Nebraska researchers have moved a step closer to bring the long-maligned hemp plant out of ditches and into fields — they just need the seeds.
After working with the U.S. Drug Enforcement Agency for more than three months, the University of Nebraska-Lincoln’s Department of Agronomy and Horticulture got a permit last week that will allow it to do hemp research.
But researchers are still waiting for DEA approval to import seeds from the Parkland Industrial Hemp Growers Cooperative based in the Canadian town of Dauphin, Manitoba.
Once the DEA signs off on the paperwork, called a form 357, it likely will take another three weeks or so to get the seeds, said Héctor L. Santiago, assistant dean of the Agronomy Department’s Agricultural Research Division.
Hemp is marijuana’s nonpsychoactive cousin, and it lacks the chemical that gets people high: tetrahydrocannabinol or THC. State and federal rules dictate that seeds used by researchers are certified to produce plants with a THC content lower than 0.03 percent.
UNL Professor Ismail Dweikat hopes to get plants in the ground this year. If seeds don’t arrive before June 15, he most likely will grow them in a greenhouse.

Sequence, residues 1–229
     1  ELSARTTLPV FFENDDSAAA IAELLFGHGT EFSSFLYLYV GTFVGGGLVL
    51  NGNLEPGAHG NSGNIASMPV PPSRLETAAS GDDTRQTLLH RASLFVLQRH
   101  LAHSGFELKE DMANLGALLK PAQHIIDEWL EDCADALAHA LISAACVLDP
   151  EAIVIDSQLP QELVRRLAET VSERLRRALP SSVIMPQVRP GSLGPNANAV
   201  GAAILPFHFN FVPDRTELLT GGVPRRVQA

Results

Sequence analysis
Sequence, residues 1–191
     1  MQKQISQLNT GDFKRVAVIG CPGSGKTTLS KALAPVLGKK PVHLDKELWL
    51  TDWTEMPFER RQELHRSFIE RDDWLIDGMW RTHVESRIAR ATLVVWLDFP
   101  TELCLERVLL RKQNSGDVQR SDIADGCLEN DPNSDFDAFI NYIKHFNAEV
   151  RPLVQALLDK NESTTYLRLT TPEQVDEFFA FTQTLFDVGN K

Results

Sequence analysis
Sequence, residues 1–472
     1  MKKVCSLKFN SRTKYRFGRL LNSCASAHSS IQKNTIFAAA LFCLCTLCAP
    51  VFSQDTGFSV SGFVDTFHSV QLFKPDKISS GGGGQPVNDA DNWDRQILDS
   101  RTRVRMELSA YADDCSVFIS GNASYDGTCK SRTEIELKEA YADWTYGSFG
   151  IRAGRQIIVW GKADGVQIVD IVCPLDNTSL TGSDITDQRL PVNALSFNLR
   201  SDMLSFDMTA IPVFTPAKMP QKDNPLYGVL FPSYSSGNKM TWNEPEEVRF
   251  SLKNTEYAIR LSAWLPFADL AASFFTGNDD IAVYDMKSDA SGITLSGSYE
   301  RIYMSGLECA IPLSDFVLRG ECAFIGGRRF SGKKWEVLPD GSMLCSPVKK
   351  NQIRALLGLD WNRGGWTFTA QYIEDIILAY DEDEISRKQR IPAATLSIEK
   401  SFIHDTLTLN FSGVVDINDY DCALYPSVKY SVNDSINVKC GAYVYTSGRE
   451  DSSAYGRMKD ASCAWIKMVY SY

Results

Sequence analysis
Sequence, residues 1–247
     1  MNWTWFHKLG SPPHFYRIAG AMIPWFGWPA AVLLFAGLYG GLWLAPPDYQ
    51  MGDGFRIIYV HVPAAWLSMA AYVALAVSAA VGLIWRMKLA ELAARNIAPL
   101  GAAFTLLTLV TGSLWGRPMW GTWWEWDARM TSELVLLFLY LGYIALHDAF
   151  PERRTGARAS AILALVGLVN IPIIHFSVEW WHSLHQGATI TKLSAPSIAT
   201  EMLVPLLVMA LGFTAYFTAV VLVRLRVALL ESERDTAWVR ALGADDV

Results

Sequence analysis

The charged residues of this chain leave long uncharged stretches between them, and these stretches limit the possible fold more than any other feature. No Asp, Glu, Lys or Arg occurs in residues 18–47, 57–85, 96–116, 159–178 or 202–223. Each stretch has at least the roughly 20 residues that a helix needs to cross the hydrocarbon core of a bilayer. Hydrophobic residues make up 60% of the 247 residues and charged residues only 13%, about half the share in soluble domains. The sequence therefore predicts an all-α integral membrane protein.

Dweikat said the research will look at a variety of factors farmers will want to know about the potential crop, including the best plant spacing, nitrogen rates, harvesting techniques and whether they can make money growing it.
Seeds also will be saved for use in research next year, Santiago said.
Hemp is one of the oldest known fiber crops in the world, but growing it became prohibited in the United States during the 1930s when it was lumped together legally with marijuana.
A wide variety of hemp products have been gaining popularity in the United States in recent years, ranging from food and clothing to neurological medication and fiber-reinforced polymers. Industry estimates report annual hemp product sales at more than $580 million, according to a 2015 Congressional Research Service report.
As a crop, hemp holds great potential thanks to its rapid growth, low fertilizer requirements and drought tolerance. And its seeds are rich with oil that contains essential dietary fatty acids.